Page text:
Publishers Weekly - Publisher's WeeklyRummaging through the trash one night, an orange tabby named Marmaduke finds a book open to a picture of a tiger. Noting their common features, he surmises, ``We must be related,'' and thereupon sets out on this cheerily illustrated mission to find his ``uncle tiger.'' Accompanied by a jolly band of feline friends, Marmaduke sneaks into the zoo and finds an ``uncle''-but is too petrified by his uncle's roar (``Grr-grr-grrr'') to understand that he is being grr-grreeted. The cats scramble for home, their cut-paper fur comically standing on end. Marmaduke cowers in his cozy, domesticated cat bed, ``and never again did he boast about his great uncle tiger.'' As ingratiating as a cat rubbing against an admirer's legs, this picture book showcases both Riordan's concise storytelling as he sets up the prideful Marmaduke for an amusing and painless fall, and Ayliffe's (Lucy's Picture) humor-imbued, color-drenched paper-cutting. Ages 2-6. (Aug.)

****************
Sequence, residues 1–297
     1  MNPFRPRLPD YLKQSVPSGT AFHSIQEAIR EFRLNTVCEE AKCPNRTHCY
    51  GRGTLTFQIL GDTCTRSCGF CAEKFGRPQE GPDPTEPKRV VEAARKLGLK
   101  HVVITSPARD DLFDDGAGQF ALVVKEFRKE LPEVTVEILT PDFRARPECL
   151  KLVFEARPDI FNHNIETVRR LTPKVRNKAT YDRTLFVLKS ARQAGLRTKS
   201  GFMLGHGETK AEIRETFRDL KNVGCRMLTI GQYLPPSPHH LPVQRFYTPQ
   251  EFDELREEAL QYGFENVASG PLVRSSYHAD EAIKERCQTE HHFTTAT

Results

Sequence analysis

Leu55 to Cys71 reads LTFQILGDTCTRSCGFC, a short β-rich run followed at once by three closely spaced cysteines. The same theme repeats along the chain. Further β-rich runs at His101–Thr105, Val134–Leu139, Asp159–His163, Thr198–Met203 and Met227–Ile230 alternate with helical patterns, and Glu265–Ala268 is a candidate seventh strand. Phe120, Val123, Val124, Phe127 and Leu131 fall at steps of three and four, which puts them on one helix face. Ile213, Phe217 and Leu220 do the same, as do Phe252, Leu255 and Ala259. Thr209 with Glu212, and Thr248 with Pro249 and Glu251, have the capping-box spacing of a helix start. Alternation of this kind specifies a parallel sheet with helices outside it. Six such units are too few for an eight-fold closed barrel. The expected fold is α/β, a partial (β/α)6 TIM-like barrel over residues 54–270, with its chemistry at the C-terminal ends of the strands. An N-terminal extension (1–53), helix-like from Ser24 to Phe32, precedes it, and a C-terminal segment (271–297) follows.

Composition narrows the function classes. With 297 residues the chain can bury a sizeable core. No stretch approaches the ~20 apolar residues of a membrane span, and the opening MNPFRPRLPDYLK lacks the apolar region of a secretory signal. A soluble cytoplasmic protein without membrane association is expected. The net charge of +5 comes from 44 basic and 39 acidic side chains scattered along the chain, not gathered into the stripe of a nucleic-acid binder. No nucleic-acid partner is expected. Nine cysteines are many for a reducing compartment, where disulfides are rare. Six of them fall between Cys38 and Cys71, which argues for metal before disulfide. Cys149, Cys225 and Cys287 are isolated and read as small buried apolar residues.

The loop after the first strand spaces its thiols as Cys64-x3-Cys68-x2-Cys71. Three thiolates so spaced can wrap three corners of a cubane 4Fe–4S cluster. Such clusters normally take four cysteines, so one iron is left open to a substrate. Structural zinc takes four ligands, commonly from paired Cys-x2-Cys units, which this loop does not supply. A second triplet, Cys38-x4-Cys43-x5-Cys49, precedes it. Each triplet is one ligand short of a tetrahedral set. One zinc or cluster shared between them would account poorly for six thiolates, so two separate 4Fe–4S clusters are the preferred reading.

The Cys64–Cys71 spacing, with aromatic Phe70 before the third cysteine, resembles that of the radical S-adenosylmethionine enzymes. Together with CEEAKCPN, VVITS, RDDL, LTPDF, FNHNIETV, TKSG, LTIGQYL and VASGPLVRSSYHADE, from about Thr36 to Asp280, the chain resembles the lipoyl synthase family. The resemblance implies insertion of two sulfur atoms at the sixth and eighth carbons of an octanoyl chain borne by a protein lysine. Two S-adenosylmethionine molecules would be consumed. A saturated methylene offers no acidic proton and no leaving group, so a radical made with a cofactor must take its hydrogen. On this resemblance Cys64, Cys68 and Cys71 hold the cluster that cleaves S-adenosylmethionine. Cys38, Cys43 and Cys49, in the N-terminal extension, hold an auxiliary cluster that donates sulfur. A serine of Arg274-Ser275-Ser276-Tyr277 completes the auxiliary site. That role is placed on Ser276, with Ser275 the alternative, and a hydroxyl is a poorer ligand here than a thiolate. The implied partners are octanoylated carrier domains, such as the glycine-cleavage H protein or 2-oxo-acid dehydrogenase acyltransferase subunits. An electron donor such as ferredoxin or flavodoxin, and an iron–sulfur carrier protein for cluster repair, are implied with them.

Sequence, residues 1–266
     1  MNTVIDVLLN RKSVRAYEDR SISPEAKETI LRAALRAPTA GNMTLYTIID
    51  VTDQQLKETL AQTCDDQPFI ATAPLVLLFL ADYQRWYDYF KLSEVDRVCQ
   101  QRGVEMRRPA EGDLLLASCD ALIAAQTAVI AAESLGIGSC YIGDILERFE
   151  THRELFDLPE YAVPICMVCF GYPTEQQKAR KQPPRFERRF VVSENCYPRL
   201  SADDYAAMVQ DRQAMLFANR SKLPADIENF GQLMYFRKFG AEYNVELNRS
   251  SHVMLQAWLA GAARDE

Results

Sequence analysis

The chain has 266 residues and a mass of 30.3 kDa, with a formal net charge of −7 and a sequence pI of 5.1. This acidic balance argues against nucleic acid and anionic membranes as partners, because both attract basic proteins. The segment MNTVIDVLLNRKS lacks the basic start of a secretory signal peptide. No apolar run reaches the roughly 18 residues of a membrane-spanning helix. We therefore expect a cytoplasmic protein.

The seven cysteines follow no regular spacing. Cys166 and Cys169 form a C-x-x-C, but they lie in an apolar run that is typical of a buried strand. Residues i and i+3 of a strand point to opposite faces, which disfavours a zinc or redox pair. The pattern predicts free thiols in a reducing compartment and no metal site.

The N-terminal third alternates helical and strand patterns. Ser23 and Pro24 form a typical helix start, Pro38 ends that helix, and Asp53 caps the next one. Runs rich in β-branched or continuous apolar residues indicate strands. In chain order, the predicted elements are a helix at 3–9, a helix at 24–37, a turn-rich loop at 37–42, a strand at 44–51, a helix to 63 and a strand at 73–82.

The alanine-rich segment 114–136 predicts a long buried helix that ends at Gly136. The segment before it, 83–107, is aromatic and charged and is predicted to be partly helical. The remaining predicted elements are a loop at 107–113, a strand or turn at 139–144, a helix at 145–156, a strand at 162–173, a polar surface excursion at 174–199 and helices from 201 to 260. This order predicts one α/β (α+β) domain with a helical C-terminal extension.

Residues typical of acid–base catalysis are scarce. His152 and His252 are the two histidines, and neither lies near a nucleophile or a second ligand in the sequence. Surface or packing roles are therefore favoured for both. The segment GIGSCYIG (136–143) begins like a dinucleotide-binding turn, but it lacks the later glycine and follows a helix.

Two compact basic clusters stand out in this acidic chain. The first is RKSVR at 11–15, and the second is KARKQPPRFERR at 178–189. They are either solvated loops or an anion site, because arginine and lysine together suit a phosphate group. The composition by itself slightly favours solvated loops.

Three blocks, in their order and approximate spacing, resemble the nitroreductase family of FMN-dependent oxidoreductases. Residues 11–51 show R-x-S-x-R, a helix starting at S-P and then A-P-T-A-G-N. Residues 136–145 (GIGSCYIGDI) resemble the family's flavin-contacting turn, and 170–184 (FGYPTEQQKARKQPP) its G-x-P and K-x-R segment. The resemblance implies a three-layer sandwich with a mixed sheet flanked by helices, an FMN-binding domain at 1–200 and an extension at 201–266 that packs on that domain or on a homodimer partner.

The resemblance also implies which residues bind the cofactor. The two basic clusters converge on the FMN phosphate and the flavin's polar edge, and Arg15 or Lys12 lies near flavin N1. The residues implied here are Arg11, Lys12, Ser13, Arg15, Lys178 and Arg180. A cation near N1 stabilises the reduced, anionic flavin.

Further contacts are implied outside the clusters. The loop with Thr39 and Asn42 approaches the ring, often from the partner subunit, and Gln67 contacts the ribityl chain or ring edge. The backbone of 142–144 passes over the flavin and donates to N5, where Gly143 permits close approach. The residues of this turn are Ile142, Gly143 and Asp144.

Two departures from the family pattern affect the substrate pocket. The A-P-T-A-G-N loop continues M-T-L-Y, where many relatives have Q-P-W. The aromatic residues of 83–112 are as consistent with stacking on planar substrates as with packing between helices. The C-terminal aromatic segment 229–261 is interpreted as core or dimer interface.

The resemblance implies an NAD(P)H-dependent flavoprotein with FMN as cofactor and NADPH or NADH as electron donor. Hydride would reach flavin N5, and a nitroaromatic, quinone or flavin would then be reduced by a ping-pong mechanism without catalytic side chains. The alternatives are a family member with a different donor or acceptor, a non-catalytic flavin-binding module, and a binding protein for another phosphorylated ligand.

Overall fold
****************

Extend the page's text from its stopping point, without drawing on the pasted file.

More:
Children's Literature - Mary Sue PreissnerMarmaduke, a tabby cat, convinces his fellow cat friends that his great uncle Tiger lives at the zoo. In fact, his boasting provides the impetus for a cat trip to the zoo to see this infamous relative. The ragtag group meets many different animals on their way to meet the uncle. But when Tiger extends greetings to them, the scaredy-cats run for the hills. Marmaduke has learned a lesson about boasting. The primary colors of these torn-paper illustrations leap from the page like psychotic cats. Young children will love it. Great for a read-aloud introduction to an animal thematic unit.
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